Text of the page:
Cameralabs D7100 review up: verdict...

Started Apr 19, 2013 | Discussions thread
OP mosswings Veteran Member • Posts: 8,700
Re: Cameralabs D7100 review up: verdict...

Reilly Diefenbach wrote:

ajamils1 wrote:

I can understand the compromise to achieve better IQ but the problem i that it looks like Nikon try to go over board with it with too much focus on AA filter removal and AF system, everything else seem to be of previous generation.

I'm not sure what mission you're on here, but that statement is false.  Try comparing the autofocus for a start. If you think you can track birds in flight with a D5200 or a D7000, you're in for a rude awakening.  The D7100 can, because it has the same AF as the D800.

Also, to achieve better IQ Nikon seem to have compromised on the noise and that's why D7100 exhibits a lot more noise compared to same sensor D5200.

No, it doesn't.  It's about the same as the D7000, only with better capability to handle noise reduction owing to finer grained noise. Show us the samples that prove otherwise.  We have many examples of incorrect processing from brand new users which show grain, but we also have some real stunners when the correct procedure was used.  These samples are entirely consistent with reality:

The D7100 shows less blurry details, stronger color and better contrast, all owing to the lack of an AA filter.

Although you would think not based on my decided tepid comments on this thread, I tend to agree with Reilly's specific points, buttressed by photoreddi's observations on nonoptimal choice of aperture in both Cameralabs's and DPR's test shots.

What I do agree with is those testers' observations that at practical apertures and in practical use, which means handheld and in non-optimal light, diffraction and camera shake blur out significant resolution differences between the two cameras and even between generations.  Remember than 20% linear resolution differences are getting difficult to observe (same image size) under typical conditions.

What DPR and Cameralabs have not done (and what I asked Gordon Laing of Cameralabs to comment further on) is whether in practice any of the sensor artifacting noted here has limited their use of or confidence in the camera.  I suspect that the answer will be no; both sites testing protocols do not involve such extremes.  Hence my posting of Kirk Tuck's comments - Nikon has chosen to go a different way this generation in choosing the compromises they make in their sensing chain.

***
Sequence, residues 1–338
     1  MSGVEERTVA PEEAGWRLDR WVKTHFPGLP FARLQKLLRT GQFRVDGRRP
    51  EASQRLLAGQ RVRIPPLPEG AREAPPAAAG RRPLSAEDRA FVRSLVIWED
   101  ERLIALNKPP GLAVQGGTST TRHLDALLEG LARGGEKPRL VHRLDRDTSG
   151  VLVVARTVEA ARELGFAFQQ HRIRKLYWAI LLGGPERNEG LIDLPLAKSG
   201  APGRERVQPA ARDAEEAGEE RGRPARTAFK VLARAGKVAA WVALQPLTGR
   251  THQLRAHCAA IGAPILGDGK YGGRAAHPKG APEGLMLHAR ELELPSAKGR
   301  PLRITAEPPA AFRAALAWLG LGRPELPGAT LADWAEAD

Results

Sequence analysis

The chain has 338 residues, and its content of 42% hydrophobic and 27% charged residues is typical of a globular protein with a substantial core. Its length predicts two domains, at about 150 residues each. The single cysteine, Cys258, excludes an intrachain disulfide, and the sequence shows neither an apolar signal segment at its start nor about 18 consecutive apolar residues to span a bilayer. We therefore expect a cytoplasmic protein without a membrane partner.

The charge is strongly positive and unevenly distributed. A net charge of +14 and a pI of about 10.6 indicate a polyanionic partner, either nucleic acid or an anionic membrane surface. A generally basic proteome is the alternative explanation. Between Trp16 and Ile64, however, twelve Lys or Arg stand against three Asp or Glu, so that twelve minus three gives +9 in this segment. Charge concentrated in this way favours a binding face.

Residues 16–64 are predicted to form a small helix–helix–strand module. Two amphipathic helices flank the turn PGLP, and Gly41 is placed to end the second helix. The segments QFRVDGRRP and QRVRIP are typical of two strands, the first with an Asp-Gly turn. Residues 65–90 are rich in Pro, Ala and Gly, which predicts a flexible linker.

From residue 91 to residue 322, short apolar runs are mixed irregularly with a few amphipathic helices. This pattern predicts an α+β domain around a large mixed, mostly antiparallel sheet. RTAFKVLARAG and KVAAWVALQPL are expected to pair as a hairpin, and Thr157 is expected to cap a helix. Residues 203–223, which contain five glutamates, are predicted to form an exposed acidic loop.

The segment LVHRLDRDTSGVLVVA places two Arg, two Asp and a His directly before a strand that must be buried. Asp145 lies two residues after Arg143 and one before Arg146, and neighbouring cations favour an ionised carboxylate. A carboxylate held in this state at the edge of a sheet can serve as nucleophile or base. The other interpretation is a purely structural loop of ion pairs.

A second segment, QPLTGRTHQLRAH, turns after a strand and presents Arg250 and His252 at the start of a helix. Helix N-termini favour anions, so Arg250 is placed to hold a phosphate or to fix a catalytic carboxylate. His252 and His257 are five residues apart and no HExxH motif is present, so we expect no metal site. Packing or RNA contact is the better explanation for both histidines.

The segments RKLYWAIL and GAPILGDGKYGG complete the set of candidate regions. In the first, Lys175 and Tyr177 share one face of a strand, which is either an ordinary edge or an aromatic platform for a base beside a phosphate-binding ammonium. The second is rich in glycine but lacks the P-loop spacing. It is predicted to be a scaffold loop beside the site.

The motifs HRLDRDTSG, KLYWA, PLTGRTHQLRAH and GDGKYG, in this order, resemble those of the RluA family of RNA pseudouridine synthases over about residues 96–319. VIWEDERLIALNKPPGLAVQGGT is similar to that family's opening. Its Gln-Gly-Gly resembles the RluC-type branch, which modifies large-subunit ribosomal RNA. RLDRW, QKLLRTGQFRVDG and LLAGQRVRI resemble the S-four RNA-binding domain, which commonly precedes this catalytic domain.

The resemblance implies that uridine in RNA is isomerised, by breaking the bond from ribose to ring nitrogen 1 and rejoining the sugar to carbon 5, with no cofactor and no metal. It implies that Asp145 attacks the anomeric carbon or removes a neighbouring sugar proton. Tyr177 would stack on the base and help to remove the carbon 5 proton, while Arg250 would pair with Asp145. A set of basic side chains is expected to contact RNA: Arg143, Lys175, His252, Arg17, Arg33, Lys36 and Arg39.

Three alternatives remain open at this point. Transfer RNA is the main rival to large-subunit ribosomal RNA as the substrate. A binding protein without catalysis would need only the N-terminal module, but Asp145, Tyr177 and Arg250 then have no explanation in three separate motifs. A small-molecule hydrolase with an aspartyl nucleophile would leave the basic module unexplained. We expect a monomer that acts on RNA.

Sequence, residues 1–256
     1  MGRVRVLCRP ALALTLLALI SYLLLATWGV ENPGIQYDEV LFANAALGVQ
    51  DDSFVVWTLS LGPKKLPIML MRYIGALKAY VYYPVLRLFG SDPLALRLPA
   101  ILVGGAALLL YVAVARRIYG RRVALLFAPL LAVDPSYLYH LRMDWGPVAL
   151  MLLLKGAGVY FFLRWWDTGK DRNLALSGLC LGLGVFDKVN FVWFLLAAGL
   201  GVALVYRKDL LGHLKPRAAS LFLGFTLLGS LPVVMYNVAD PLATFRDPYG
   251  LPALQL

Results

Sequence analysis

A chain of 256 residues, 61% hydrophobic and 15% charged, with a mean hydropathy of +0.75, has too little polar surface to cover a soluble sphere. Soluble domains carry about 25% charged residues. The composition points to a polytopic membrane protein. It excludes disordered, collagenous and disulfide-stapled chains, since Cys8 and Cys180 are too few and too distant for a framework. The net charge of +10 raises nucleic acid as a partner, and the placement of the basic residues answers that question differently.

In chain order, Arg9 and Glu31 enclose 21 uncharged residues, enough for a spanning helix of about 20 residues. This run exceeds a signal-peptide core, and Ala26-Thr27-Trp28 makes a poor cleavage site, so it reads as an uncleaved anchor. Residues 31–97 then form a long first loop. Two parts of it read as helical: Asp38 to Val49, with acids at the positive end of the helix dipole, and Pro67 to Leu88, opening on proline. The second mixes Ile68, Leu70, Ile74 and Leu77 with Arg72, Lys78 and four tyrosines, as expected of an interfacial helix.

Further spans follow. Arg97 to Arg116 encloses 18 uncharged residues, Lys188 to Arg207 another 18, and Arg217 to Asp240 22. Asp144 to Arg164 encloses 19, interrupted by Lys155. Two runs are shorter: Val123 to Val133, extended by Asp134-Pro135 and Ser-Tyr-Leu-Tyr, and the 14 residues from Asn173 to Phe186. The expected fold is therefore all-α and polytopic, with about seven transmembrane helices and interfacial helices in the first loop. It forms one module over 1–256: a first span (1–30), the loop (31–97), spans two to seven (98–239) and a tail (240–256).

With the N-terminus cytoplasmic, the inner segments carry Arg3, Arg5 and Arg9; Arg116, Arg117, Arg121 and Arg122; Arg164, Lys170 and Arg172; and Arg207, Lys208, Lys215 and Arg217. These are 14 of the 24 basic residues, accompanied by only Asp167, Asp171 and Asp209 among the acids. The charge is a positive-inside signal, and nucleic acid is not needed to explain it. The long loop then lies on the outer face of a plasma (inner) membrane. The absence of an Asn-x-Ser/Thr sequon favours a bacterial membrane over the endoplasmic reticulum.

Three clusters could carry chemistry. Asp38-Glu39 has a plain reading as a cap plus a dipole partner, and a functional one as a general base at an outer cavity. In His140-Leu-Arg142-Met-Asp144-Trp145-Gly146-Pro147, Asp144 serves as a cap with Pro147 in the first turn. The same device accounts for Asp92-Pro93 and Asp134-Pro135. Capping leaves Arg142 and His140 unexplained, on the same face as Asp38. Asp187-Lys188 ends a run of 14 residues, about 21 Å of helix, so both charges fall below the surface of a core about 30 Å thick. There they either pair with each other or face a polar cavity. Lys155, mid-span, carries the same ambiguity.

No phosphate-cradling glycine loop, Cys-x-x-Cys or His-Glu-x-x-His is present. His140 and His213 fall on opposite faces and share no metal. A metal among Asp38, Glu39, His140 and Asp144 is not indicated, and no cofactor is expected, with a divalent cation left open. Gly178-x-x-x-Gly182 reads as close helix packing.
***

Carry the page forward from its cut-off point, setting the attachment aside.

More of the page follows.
Rudy eloquently points out the case for this camera, and I fully agree that, in hand, there is a world of difference between the D7100 and the D5200, even though for most folks the results will be nearly indistinguishable.  The D7100 just feels better and gets out of your way. As a travel shooter, I am painfully aware of the penalties of physical size and weight and the overkill of the D7100's feature set.  A detached analysis of the two cameras would say that the D5200 would be the obvious choice - but a tool must be comfortable and rewarding to use to stay in your hand all day, days on end, and the D7100 is more rewarding.  Plus it is more field-maintainable, no small consideration away from the grid.

I noted the images in the recent thread on this forum "D90-still got it".  Indeed, they're quite nice. Jerry Fisher posted a couple from an earlier Safari and I noticed something in the rendition that looked familiar:

I then looked at one of my shots of similar subjects:

Notice the grain and sharpening?  I had to do that.  Even on the better lit subjects. Then we look at some of Rudy's work with a good-but-not great 70-300, and you realize that there is a difference, a greater ease in rendition to the D7100 captures; there is a benefit to be had after the workflow acquisition costs are paid.

But then again, I don't own a D7000.  I'm a prime candidate for an upgrade.

 mosswings's gear list:mosswings's gear list
Olympus XZ-1 Olympus Stylus 1 Nikon D90 Nikon D7100 Nikon AF-S DX Nikkor 18-105mm f/3.5-5.6G ED VR +5 more
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